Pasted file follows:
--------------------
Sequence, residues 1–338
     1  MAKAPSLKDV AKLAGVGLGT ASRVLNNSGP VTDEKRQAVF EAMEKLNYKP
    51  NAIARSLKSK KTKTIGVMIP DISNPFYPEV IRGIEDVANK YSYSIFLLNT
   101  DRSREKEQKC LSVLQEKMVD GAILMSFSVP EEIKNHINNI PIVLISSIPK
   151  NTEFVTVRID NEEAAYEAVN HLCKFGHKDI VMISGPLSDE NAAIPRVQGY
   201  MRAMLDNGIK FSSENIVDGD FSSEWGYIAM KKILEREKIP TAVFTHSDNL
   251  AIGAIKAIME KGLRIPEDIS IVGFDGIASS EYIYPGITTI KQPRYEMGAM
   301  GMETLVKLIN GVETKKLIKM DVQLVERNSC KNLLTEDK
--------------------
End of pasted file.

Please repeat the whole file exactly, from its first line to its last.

Sequence, residues 1–338
     1  MAKAPSLKDV AKLAGVGLGT ASRVLNNSGP VTDEKRQAVF EAMEKLNYKP
    51  NAIARSLKSK KTKTIGVMIP DISNPFYPEV IRGIEDVANK YSYSIFLLNT
   101  DRSREKEQKC LSVLQEKMVD GAILMSFSVP EEIKNHINNI PIVLISSIPK
   151  NTEFVTVRID NEEAAYEAVN HLCKFGHKDI VMISGPLSDE NAAIPRVQGY
   201  MRAMLDNGIK FSSENIVDGD FSSEWGYIAM KKILEREKIP TAVFTHSDNL
   251  AIGAIKAIME KGLRIPEDIS IVGFDGIASS EYIYPGITTI KQPRYEMGAM
   301  GMETLVKLIN GVETKKLIKM DVQLVERNSC KNLLTEDK